Firefighters in Oregon have came to the aid of Ace, trapped in barbed wire and unable to move in a field flooded by a fierce storm.
Sunday morning’s rescue ended happily, after firefighters were able to cut away the barbed wire and free the 9-year-old horse, enabling him to be led to firm ground and into the care of his grateful family and two waiting veterinarians.
Fire crews with Marion County Fire District No. 1 answered the call to the Juniper Court property of Robert Alexander Jr, where they found Ace about 100 feet out in the semi-flooded field, with water depth of about 4 feet.
Ace’s legs were caught in a barbed wire fence and he was unable to move or free himself.
A bystander was attempting to free him without success and had to retreat from the water.
An ambulance was called as the would-be rescuer was suffering from possible hypothermia.
Ace had no shortage of rescuers, with two engine companies, one medic, one grass unit, two chief officers, and the Salem Fire Department Water Rescue Team arriving at the scene.
His rescue took about an hour.
The two vets at the scene, Dr Hanifen, of Salem-Polk Vet Clinic, and Dr Mike Stewart, of Silver Creek Veterinarian, assessed Ace as having minor injuries.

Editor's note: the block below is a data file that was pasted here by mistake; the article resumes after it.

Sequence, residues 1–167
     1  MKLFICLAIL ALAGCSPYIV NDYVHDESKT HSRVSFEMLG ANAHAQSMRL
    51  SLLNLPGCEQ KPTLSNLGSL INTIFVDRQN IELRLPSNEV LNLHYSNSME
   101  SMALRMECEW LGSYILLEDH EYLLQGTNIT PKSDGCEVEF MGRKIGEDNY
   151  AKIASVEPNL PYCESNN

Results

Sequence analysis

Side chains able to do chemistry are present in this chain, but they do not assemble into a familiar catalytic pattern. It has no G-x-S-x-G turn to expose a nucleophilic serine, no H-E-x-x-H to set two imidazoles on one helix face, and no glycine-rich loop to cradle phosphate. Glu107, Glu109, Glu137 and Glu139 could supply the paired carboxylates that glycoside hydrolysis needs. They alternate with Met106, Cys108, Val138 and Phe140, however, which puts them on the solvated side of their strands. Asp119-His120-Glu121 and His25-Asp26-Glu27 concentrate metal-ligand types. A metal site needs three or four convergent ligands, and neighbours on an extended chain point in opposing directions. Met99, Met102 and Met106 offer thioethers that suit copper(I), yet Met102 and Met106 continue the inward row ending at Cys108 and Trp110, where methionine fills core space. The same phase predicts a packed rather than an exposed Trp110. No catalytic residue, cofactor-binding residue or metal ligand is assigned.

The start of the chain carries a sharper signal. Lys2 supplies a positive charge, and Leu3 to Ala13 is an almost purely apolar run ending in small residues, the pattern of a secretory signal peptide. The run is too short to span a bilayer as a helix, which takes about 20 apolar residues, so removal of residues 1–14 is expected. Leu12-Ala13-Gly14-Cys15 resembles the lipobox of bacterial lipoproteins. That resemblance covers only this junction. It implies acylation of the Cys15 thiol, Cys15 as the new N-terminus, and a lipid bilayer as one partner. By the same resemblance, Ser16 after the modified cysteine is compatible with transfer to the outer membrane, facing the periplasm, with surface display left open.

Alexander expressed his thanks to the fire crews for their quick response to help his horse.
The incident commander, Battalion Chief Patrick Wineman, said safety was crucial in such rescues.
“This incident was able to come to a successful resolution because of our planning and diligent attention to the safety of our responders and the public.
“We are fortunate that we had the support of Salem Fire Department’s water rescue team, our own well-trained firefighters, and a clear plan of operational safety and awareness.”
The fire department said it was timely to remind the public that there were inherent dangers when working alongside large animals in such circumstances.
The public is encouraged to call emergency services to let trained personnel assist in such emergencies.
“Entering the water in these temperatures, with these hazards, is potentially life threatening and should be left to professional responders.”